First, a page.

36th Annual North American Symposium on Bat Research
Pre-Meeting Field Trip
Wednesday, October 18, 2006
36th NASBR field trip: Insectivorous plant and bald cypress swamp tour
Cost: $125 per person
Date: October 18, 2006
Time: 8:00 a.m. to 6:00 p.m.
Trip Leader: Andy Wood, NC Audubon, Wilmington, NC
The field trip will take place in the Holly Shelter Game Land owned by the state of North Carolina. This area exhibits excellent examples of low pocosin, longleaf pine communities, and bald cypress swamps. All areas are home to unique habitats and flora and fauna of the southeastern coastal plain of the United States.
The trip will begin at 8:00 a.m. when the group leaves the Hilton Riverside in Wilmington by van for the drive to Holly Shelter (~45minutes). Participants will return before the opening social for the 36th NASBR.
In the morning the group will explore longleaf pine and pocosin communities where a wide variety of insectivorous plants abound, including the rare Venus Flytrap. After a picnic lunch participants will spend the afternoon kayaking the calm waters of Shelter Creek, a tributary of the NE Cape Fear River. This area is a treat to kayak as the water is slow-moving, which allows you to meander and take in the scenery. You will enjoy the contrast of the tea-colored water and autumn leaf color and the peacefulness of drifting by the majestic bald cypress dripping with Spanish moss.
The trip leader is Andy Wood, Education Specialist for NC Audubon. Andy has lived in the Holly Shelter area for many years and is an experienced guide and well-known naturalist in the area. Trip costs cover all transportation, food, beverages and kayak rental. You will need to wear field clothes and bring layers; October days are warm, but mornings and evenings can be chilly. Keep in mind that your shoes and clothing may get wet while kayaking.
Things to bring: sunscreen, insect spray, hat, sunglasses, rainwear, binoculars and a camera.
Don’t miss this unique opportunity to explore these rare and unique areas with one of the most knowledgeable guides in the area.
Longleaf pine savannas and the Venus Flytrap*
Southern Coastal Plain pine savannas are remarkable for their high diversity of plants and are the sole home of many rare species. Savannas occupy a zone between drier longleaf pine woodlands and wetter pocosins (peaty bogs densely filled with evergreen vegetation). These forests once covered large areas of the southeastern coastal plain. The community evolved in a natural system where lightening-caused fires burned much of the region every two to five years.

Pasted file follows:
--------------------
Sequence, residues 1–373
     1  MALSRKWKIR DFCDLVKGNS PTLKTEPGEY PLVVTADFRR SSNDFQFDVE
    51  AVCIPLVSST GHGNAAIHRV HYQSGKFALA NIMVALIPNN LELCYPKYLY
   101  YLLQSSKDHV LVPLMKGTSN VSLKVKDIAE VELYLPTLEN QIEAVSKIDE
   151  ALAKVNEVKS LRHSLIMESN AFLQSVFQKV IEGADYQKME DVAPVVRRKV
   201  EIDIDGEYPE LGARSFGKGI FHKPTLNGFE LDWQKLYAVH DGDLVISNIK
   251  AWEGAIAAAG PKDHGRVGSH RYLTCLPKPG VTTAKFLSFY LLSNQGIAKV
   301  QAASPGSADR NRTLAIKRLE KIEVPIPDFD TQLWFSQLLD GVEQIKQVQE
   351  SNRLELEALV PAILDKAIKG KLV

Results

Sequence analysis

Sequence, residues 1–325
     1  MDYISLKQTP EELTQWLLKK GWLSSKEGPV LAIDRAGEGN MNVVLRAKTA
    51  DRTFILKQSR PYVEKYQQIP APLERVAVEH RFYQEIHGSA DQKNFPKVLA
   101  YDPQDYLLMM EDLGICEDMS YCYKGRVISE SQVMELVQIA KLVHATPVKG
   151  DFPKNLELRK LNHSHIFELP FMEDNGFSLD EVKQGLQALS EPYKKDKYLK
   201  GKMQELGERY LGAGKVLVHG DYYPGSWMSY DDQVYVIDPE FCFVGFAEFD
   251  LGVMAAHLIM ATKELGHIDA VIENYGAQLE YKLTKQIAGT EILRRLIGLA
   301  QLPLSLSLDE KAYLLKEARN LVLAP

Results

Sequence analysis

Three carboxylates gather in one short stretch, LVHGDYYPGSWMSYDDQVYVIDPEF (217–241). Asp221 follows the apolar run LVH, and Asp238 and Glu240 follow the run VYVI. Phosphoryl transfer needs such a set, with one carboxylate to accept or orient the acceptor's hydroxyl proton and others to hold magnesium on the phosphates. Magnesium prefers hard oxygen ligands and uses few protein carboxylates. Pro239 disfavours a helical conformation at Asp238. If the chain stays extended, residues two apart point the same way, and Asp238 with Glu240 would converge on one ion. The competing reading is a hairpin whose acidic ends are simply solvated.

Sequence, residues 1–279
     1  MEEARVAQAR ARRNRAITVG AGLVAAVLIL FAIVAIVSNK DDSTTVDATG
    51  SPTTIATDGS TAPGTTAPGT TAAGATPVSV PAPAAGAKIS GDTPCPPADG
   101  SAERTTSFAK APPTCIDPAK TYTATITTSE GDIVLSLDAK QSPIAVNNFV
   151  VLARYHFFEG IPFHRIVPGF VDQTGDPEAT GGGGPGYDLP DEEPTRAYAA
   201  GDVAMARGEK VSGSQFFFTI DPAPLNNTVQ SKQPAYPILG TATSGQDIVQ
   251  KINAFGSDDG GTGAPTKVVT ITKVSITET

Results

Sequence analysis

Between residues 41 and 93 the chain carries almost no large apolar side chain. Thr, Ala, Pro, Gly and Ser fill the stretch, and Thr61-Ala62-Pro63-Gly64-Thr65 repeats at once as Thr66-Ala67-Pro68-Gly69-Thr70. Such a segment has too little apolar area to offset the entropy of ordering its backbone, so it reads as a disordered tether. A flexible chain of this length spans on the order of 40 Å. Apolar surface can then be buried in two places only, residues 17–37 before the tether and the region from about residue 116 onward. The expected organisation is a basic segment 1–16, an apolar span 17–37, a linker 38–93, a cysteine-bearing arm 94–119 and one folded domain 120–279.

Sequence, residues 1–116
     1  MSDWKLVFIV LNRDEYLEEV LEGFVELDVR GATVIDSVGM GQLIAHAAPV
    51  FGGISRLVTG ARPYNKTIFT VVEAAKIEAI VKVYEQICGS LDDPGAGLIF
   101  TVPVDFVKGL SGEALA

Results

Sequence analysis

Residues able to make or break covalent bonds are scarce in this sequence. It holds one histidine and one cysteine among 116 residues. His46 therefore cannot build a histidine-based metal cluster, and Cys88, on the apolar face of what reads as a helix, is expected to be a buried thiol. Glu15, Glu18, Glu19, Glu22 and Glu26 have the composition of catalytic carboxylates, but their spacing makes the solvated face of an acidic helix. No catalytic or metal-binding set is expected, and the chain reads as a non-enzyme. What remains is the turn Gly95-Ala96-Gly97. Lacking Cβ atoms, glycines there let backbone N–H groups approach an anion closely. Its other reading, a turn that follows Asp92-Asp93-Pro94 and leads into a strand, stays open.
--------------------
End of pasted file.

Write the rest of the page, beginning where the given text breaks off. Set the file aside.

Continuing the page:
Many view the insectivorous plants that abound in the savannas as their most intriguing feature. The savannas are showplaces from early spring to late fall when native orchids and other colorful and unusual plants grow and bloom. Sundews, pitcher plants, bladderworts and butterworts are plentiful in these forests. They are also home to a rare insectivorous species, the Venus Flytrap, which only grows naturally within about a 75 mile radius of Wilmington, NC. All of the insectivorous plants grow in infertile soil and ingeniously meet their needs for nitrogen and other plant nutrients by trapping insects and other small animals.
The Venus Flytrap has a unique prey capture mechanism. Most of the other carnivorous plants in the savannas capture prey by means of leaves modified as pit traps and sticky-haired surfaces. The leaves of the Venus Flytrap are modified as a spring trap device. Each leaf has a clam-shaped trap at the end of a broad stalk. The trap is edged with a conspicuous row of long stiff spines and the upper surface is covered with nectar glands that attract visitors. The surface of the each half of the trap is covered with three bristles that act as triggers. As an animal brushes against the bristles the trap is stimulated to close, capturing the prey.
*Text is excerpted from “Venus Flytrap”, an educational flyer produced by the Plant Conservation Program, N. C. Department of Agriculture, Raleigh, NC.
Cypress-gum swamp forests and bats of the southeastern United States
Floodplain forests of the southeastern states are becoming more important as refuges for bats and other wildlife than ever before due to development pressures in the region. The large stands of contiguous bottomland forest protected by governmental agencies and non-governmental organizations contain much of the best remaining habitat for bats within the southeastern states (e.g., Frances Beidler Forest, an Audubon Sanctuary in SC, the Black River Preserve protected by the Nature Conservancy in NC and the lower Roanoke River floodplain protected by a partnership of state, federal and private landowners in NC).
Within these forests is a community type known as the cypress-gum swamp forest. This community is composed primarily of tree species that are adapted to survive long periods of flooding-the bald cypress and the tupelo or swamp gum. These species have large buttressed bases that help to stabilize them during wind storms and hurricanes. The older trees develop extensive cavities that are used as roost sites by Rafinesque’s big-eared bat (Corynorhinus rafinesquii) and the southeastern bat (Myotis austroriparius). Both of these species are species of concern in the United States.